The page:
New Report: Putin’s regime and the politics of memory
Putin’s regime is politicising history on a massive scale. The Russian leadership often exploits the past in order to pursue its foreign policy goals and promote its identity politics in the country.
Many contradictions are clear within Russia’s politics of memory. On the one hand, the Gulag State Museum in Moscow was established in 2001 and remains an active research institute. On the other hand, the Russian regime is placing more and more pressure on independent researchers and seeking a return to a positive understanding of Joseph Stalin and his rule. Currently, Czechia and Poland are facing particular challenges from Moscow’s politics of memory. In fact, the politics of memory promoted by Russia in Central and Eastern Europe should rather be called a war of memory. As a result, the Association for International Affairs (AMO) from Prague and The Jan Nowak Jeziorański College of Eastern Europe from Wrocław decided to join forces and launch a common research project devoted to this topic. This study received financial support from the Czech-Polish Forum of the Ministry of Foreign Affairs of the Czech Republic.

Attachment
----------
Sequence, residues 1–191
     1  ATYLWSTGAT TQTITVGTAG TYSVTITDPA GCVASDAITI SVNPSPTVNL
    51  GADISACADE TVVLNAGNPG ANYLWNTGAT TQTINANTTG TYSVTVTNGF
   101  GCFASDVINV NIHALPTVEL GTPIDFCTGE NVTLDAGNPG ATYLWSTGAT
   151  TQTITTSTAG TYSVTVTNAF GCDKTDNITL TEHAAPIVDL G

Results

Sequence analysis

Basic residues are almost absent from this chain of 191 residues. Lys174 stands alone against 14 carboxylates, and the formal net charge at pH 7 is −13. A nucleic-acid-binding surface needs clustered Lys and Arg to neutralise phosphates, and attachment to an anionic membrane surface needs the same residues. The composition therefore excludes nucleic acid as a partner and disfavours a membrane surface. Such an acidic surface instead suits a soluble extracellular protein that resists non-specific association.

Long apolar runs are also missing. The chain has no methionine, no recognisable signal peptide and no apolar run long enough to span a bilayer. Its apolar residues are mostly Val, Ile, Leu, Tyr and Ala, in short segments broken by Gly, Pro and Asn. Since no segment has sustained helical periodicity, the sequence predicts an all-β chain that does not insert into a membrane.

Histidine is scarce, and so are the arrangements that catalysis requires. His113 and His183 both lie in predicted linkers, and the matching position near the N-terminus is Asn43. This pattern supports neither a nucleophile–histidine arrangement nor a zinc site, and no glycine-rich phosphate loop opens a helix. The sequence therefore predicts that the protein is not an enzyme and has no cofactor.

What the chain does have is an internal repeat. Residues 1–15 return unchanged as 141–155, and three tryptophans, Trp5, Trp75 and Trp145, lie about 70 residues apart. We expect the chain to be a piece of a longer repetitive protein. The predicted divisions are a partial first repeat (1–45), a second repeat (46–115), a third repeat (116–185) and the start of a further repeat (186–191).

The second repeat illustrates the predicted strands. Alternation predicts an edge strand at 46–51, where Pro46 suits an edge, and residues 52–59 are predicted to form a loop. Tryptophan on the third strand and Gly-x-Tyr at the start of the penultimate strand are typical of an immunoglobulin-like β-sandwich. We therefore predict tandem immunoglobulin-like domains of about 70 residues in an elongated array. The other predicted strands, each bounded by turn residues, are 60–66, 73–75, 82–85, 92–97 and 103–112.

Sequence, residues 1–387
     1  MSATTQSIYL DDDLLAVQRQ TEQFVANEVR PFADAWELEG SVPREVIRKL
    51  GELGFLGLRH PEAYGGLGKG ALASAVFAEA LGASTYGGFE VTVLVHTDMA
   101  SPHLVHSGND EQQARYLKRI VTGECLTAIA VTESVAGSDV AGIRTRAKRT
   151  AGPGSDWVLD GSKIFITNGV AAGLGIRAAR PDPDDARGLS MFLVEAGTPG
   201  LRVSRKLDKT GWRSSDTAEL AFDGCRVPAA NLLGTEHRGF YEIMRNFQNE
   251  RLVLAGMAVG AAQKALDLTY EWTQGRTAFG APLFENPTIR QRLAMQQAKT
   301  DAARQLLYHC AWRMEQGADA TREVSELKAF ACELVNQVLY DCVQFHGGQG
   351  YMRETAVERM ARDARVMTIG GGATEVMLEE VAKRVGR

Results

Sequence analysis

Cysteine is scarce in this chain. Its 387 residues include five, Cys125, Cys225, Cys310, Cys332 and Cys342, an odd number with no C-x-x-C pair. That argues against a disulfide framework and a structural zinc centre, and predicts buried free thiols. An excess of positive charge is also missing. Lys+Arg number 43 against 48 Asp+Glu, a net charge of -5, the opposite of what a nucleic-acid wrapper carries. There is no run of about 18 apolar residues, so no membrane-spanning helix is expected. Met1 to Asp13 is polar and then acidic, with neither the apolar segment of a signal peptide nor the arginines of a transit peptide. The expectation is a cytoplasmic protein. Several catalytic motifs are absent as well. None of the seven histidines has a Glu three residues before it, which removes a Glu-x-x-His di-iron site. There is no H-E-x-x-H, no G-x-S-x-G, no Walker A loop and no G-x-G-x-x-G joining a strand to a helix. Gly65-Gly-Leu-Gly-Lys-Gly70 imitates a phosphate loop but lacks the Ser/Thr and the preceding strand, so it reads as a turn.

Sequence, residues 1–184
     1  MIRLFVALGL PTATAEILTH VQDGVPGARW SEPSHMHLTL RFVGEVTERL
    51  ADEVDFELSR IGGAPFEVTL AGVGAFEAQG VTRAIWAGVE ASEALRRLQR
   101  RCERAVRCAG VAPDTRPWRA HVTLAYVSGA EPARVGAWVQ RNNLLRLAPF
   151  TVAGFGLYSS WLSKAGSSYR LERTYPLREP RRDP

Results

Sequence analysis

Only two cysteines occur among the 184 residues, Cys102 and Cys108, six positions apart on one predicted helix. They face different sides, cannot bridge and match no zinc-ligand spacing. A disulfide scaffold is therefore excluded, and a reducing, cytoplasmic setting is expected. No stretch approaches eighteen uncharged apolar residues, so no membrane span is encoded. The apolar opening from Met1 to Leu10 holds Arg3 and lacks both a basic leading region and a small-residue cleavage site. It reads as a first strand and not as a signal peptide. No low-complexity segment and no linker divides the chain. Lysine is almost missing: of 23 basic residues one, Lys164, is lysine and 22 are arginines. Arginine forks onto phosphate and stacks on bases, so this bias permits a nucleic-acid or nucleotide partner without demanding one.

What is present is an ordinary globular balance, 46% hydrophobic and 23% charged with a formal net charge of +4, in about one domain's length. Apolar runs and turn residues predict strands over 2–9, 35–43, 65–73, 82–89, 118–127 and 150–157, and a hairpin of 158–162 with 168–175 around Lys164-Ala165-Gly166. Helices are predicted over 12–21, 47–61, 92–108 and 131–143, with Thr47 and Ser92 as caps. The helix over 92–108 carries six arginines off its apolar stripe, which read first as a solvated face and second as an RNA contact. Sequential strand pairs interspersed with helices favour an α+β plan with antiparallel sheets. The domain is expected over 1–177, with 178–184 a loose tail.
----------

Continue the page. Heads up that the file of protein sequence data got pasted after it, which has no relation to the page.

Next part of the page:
This special report of New Eastern Europe, titled “Putin’s regime and the politics of memory: Czech, Polish and Russian perspectives”, is one of the main outcomes of our project.
Download the report in PDF format here.